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The thesis of American Nations is that America can best be understood as a series of eleven regional cultures. American history can thus be best understood as the outcomes of interactions amongst these several cultures. There is, of course, nothing new in viewing American culture as a series of encounters between North and South. And political analysts regularly take note of regional differences in voting patterns.
But Woodard goes deeper, exploring the history that shaped not just North and South and West. Woodard includes the French culture of Louisiana and Quebec and the culture of El Norte, which spans not just large swathes of the Southwest United States but also much of northern Mexico. He also divides the South into the Deep South, the Tidewater of Virginia, and Appalachia. He notes differences between Yankee New Englanders and the diverse Dutch culture of New York (this is only confusing because of the name of a baseball team). He differentiates the Left Coast from the more libertarian western rockies region. The nuances strengthen the thesis, because they make regional explanations work better.
Woodard delves deeply into the original groups of settlers that laid down the patterns of these regional cultures. He then demonstrates how these cultures attracted other like-minded cultures. For instance, the non-violent Quakers of Pennsylvania attracted German farmers, who then pushed into the Midwest. This shared culture, in turn, attracted the highly cooperative Scandinavians. Over time, they moderated between the Yankees of New England and the Deep South.
Woodard traces the patterns of migrations that took say the Scotch-Irish from upstate New York south along the Appalachians. He traces patterns of voting behavior, patterns of regional alignment, and the sources of power in American politics. All of this holds extraordinary explanatory value. And it makes for a very interesting and entertaining listen.
However, it is not altogether clear what Woodard thinks holds these cultures together over time. To believe his thesis, we would need to negate environmental, economic, and political explanations of behavior. Somehow, we would have to account for how in moving from agricultural to industrial to post-industrial society, these cultural difference have somehow held. Altogether, these concerns suggest the thesis is overstated, that understanding these regional sub-cultures is merely one important strand in understanding what makes America work.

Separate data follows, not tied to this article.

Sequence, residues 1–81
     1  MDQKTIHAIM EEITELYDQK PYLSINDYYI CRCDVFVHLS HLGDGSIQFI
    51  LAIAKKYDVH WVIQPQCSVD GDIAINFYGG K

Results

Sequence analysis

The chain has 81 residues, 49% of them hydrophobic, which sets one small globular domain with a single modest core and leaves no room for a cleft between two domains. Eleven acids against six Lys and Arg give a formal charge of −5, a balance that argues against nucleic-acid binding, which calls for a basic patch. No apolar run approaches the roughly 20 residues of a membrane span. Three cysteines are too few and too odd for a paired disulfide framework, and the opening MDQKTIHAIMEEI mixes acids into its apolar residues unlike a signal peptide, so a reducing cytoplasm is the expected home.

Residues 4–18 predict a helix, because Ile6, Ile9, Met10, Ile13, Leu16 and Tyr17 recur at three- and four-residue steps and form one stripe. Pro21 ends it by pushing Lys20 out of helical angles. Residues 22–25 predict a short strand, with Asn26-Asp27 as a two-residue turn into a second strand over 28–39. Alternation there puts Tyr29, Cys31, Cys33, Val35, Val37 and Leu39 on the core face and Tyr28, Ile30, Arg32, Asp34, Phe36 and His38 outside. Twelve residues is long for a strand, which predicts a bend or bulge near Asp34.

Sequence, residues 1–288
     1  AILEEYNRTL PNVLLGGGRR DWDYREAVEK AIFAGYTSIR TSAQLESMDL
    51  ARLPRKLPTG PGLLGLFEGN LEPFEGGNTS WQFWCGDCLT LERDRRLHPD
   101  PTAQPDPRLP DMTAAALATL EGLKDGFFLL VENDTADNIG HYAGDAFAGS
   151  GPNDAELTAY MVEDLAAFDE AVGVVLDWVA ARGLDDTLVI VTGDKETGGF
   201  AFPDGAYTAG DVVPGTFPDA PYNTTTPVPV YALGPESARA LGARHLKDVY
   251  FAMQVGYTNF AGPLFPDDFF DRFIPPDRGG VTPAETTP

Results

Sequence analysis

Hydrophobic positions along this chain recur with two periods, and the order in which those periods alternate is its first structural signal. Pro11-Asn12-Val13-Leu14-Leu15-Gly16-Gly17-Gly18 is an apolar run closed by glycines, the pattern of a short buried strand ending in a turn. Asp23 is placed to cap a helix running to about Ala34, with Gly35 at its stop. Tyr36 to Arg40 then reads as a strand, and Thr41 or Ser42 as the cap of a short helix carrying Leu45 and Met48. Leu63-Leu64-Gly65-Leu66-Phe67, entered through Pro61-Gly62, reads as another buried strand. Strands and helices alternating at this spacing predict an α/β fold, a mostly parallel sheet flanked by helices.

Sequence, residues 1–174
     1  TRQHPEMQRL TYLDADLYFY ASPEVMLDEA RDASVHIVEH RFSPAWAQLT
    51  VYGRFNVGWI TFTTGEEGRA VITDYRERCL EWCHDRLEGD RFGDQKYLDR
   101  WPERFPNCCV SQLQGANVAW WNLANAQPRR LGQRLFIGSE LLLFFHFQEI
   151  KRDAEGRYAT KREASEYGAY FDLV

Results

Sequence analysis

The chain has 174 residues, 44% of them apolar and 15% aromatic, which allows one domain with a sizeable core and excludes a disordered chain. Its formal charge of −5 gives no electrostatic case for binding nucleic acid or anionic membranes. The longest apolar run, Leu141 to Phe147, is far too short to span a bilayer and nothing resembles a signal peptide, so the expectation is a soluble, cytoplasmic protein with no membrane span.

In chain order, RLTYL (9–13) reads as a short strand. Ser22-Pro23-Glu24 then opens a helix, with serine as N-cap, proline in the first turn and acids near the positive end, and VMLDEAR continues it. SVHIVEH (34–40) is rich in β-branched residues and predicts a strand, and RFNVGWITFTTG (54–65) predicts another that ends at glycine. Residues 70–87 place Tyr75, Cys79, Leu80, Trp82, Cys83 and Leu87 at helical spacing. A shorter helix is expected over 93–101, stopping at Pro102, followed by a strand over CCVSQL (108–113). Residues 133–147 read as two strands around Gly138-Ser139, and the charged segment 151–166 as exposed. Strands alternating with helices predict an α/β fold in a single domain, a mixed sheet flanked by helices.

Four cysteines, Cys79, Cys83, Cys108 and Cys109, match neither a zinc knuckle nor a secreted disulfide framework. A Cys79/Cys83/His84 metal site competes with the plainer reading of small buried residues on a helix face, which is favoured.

But as we become an increasingly diverse culture, it is heartening to look back upon our shared history not as some ever shifting monolith, but rather as a series of conflicts and compromises amongst quite different sub-cultures. For recognizing how our institutions have already accommodated so much difference, of not just immigrants but of the most deeply American patriots, suggests that we have more resources for integrating diversity than we might believe.
The book made me look at our nation differently. It laid down a paradigm through which I viewed the next couple of dozen American history books I read after it. It is hard to ask more of a history book. Certainly it holds more explanatory power than much longer books like Paul Johnson's "History of the American People." If you choose to read American Nations and you like it, check out, "Bound Away: Virginia and the Westward Movement," by David Hackett Fischer. It is at one and the same time more specific and more academic and also a great listen. Hope you enjoy them as much as I did.
89 of 92 people found this review helpful
What aspect of Walter Dixon’s performance would you have changed?
At times, Dixon was fairly monotone, but the performance was steady and still entertaining. Actually, it was humorous to hear him attempt some regional accents, which he didn't do particularly well.
Any additional comments?
The majority of the book, from the creation of the first settlements in North America through the end of the Civil War is terrific. Afterwards, the author begins to equate all things that most Americans currently find politically conservative or libertarian in aspect as a product of Deep Southern or "Borderlander" thought and is therefore lumped into the same categories as white supremacy and slavery. In fact, the author's fairly biased point of view becomes more pronounced as he attempts to stretch his thesis to current events, with multiple digs at institutions like the Tea Party and the present day incarnation of the Republican party, while professing a love of a strong centralized government as a means to unite all Americans and a need to put aside individual liberties for the sake of the nation and the "common good.: Garreau's Nine Nations of North America is a better book on the fractured cultural history of the United States without many of the biases that Woodard seems to harbor, but that's not available yet on Audible.
66 of 74 people found this review helpful